The Federal Maritime Commission said Wednesday it has concluded its review of the proposed amendment to the G6 Alliance Agreement and will allow the vessel-sharing agreement to expand into trade between the Far East and the U.S. West Coast, and between North Europe and all U.S. coasts.
The Commission's unanimous decision, based on a determination that the
agreement "is not likely at this time, by a reduction in competition, to
produce an unreasonable increase in transportation costs or an
unreasonable reduction in transportation service," means that the agreement can become effective Friday, as scheduled.
The G6 container carriers -- APL, Hapag-Lloyd, Hyundai, MOL, NYK and OOCL -- already share space on vessels between Asia and Europe and between Asia and the U.S. East Coast.
The decision follows a similar agreement by the FMC last month to allow Maersk, MSC and CMA CGM to to operate the so-called P3 network, a mega-alliance that will operate on the major East-West trades connecting Asia, Europe and North America.
FMC Chairman Mario Cordero said, “The Commission will continue to review the competitive impact of global alliances. This Alliance will considerably increase available capacity in the expanded geographic scope, and has the potential to generate operational efficiencies and positive environmental benefits."
Commissioner William P. Doyle noted that the amended agreement allows the G6 Alliance to encompass an additional 17 services using 180-220 container vessels with capacities ranging up to 14,000 TEU.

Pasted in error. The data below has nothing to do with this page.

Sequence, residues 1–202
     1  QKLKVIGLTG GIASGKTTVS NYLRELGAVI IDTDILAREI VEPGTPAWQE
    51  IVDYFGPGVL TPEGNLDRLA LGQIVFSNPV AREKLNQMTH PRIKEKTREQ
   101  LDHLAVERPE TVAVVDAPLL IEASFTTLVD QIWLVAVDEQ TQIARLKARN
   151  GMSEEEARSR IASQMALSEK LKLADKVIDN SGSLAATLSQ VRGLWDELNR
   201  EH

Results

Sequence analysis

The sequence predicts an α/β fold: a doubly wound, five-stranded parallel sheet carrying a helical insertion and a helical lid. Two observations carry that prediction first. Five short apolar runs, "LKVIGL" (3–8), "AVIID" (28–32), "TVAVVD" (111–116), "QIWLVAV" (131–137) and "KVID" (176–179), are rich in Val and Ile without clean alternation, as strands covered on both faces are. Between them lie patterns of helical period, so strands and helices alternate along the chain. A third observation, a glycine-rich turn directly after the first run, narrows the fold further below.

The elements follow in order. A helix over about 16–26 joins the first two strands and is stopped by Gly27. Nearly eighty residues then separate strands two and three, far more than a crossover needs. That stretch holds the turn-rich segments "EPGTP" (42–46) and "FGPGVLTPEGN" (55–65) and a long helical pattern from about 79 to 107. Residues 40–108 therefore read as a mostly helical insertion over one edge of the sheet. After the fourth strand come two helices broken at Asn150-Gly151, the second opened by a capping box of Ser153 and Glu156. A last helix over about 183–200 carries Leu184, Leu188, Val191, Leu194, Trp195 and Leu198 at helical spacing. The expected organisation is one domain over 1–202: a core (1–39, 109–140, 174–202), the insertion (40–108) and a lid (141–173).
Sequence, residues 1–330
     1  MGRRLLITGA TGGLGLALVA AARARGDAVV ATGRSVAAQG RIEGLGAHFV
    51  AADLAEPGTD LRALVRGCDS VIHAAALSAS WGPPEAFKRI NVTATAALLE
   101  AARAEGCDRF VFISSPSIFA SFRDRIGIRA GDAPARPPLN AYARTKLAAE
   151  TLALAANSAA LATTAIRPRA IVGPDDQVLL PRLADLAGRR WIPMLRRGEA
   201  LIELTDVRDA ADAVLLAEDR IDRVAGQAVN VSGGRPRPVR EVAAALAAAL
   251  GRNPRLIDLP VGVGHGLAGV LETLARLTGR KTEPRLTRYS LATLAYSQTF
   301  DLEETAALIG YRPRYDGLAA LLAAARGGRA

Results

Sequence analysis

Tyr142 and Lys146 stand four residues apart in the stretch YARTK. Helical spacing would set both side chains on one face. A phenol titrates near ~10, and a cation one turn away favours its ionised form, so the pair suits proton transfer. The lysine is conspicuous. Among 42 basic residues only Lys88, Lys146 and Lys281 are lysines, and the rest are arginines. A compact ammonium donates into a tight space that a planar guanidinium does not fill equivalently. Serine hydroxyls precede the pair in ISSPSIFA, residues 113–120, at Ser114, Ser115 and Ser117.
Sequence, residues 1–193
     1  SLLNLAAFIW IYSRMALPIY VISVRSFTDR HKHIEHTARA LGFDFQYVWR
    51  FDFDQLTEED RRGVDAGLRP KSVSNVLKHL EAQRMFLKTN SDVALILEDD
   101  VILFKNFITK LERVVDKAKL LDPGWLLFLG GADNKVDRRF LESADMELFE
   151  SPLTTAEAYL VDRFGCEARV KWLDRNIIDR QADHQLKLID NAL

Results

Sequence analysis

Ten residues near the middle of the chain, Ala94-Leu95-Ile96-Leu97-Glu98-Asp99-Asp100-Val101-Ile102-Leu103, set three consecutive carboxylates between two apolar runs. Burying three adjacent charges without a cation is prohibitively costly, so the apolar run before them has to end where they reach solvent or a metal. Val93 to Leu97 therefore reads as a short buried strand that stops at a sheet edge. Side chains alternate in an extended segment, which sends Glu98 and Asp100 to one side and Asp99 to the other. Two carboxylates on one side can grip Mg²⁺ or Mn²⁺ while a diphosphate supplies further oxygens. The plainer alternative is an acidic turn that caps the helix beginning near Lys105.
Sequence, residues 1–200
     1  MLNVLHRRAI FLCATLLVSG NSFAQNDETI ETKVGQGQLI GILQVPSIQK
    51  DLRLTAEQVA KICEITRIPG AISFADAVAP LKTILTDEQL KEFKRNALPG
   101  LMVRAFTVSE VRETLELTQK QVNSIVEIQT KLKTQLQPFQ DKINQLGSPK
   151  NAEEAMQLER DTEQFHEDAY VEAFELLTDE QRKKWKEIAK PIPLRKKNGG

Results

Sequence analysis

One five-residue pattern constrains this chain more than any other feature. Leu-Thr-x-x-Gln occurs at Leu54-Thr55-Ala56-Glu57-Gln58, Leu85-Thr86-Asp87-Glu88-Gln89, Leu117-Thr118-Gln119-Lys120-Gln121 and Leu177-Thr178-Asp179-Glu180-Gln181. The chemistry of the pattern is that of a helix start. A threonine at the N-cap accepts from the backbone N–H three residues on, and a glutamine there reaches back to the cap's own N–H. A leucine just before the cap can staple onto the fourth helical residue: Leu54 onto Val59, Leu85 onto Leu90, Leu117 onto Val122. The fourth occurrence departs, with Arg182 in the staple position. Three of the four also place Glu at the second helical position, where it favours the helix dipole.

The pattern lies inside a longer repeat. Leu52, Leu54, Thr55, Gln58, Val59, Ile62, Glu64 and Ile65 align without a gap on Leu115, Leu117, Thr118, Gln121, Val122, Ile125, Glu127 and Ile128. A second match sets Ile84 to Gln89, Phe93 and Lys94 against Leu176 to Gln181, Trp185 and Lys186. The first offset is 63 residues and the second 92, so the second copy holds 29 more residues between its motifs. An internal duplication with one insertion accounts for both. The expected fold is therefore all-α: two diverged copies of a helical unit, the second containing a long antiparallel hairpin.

“I am pleased that the G6 parties have recommitted in this amended agreement to abide by the applicable laws and regulations and will maintain their separate and individual identities pertaining to sales, pricing and marketing functions,” Doyle said. “I also appreciate APL’s and Hapag-Lloyd’s commitment and support to the United States with respect to jobs and the commercial ships they have registered under the U.S.-Flag. APL has nine U.S. flag container ships and Hapag-Lloyd has five U.S. flag container ships enrolled in the U.S. Maritime Security Program in which companies agree to provide capacity needed to meet Department of Defense requirements during war and national emergencies and receive a subsidy to offset the higher cost of U.S. crew and other costs."
However, Doyle highlighted his concern that the G6 members had added “tug services” to the list of services they can discuss with port terminal facilities, marine terminal services and stevedoring services.
“Tug owners and operators should be aware of the vague language in this clause,” he said. “In any event, the G6 parties must comply with all U.S. laws should they discuss and agree upon jointly contracting for tug services. The application of this provision should require special purpose monitoring.”
He added that “The G6 parties should be mindful of the antitrust probes that are being conducted in the oceanborne transportation sector -- worldwide. To this end, the FMC will continue to monitor this alliance. Specifically, the Federal Maritime Commission will be modifying its current monitoring program to reflect the new services outlined in the amendment.”